Eylesbarrow Tin Mine

Eylesbarrow Tin Mine was at its height in the 19th century and work started in this area officially in 1804. The village of Sheepstor claimed to have tin miners living there as far back as the 12th century, however records for Eylesbarrow only started in 1804. It was one of the biggest and most profitable of the tin mines, along with Vitifer Mines (Birch Tor). Remains of smelting houses, wheel pits, stamping mills, adits and shafts can still be seen, alongside areas where the workers lived and sheltered. These remains can be found on the southern side of Eylesbarrow, near to the track from Nattor car park to Nun’s Cross Farm. There is a separate shaft and wheel pit lying around a kilometer to the east beside the track to Plym Ford, this was known as Wheal Katherine.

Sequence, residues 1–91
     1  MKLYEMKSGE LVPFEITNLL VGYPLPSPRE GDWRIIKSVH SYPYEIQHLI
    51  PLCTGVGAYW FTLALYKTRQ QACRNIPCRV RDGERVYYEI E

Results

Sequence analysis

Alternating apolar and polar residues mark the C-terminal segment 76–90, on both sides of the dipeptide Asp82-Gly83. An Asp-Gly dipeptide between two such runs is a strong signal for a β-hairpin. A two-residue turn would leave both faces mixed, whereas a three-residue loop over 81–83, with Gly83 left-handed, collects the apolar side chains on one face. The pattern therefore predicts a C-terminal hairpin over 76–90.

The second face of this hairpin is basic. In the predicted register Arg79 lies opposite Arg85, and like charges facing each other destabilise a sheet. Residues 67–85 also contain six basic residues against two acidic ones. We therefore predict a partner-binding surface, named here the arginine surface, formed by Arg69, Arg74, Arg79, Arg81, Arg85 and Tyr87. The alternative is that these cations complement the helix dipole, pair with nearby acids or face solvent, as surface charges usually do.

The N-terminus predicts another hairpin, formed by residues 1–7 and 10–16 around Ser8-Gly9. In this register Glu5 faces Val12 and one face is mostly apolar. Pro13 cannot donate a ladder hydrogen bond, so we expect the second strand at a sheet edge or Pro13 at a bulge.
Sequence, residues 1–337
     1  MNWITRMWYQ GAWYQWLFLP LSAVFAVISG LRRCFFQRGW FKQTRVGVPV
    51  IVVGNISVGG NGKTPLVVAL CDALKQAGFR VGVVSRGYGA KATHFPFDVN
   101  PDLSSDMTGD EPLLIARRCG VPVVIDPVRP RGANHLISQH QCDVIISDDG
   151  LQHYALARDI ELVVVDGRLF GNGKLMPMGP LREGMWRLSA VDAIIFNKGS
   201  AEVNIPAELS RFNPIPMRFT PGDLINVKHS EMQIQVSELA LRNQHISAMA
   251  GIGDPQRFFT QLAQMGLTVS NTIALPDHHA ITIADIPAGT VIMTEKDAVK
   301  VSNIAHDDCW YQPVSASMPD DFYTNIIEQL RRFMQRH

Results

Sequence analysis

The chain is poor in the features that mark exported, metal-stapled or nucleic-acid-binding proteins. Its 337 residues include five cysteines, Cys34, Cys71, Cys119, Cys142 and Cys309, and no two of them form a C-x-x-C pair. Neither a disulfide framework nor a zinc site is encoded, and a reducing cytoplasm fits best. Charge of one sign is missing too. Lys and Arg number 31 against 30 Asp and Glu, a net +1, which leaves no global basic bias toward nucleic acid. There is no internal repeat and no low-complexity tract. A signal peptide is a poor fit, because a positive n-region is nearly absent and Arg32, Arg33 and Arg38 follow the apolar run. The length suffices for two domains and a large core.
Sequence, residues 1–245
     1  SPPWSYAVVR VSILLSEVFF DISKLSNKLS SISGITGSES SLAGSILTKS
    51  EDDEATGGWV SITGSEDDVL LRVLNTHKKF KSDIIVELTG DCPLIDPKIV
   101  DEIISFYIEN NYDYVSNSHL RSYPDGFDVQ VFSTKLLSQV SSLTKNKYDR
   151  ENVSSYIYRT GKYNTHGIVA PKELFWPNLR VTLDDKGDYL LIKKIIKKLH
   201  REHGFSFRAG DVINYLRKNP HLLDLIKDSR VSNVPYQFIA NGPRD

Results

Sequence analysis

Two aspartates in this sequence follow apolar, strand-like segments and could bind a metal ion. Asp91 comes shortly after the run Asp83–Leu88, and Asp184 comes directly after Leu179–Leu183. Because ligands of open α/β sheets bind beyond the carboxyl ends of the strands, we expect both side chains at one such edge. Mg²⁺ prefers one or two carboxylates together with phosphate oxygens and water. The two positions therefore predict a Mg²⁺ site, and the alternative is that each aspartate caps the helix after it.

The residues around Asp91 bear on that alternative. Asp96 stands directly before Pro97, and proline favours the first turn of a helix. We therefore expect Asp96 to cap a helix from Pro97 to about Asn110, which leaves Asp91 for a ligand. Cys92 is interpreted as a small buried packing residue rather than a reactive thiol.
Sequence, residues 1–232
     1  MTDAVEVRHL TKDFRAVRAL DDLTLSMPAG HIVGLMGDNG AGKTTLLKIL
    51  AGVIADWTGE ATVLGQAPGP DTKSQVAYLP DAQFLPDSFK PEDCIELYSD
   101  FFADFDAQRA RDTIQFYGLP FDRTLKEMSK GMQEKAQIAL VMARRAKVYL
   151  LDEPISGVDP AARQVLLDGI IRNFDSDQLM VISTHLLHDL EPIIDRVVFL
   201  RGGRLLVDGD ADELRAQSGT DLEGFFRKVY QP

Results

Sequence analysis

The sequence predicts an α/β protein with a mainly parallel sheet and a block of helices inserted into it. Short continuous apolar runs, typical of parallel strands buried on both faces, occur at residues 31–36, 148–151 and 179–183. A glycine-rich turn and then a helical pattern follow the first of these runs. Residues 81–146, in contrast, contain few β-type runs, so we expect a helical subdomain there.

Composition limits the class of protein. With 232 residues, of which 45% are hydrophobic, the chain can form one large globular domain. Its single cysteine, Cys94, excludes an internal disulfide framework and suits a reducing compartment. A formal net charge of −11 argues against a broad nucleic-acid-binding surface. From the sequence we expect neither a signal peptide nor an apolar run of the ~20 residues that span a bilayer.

Eylesbarrow Tin Mine 1

Remains of the dressing floor

Eylesbarrow Tin Mine 2

The Plym valley ahead, water from the Plym would have been used to drive the tin mine

Eylesbarrow Tin Mine 3

Mansion House remains

Eylesbarrow Tin Mine 4

The wheel pit

Eylesbarrow Tin Mine 5

Lots of walls and building remains here

Eylesbarrow Tin Mine 6

Wheal Katherine remains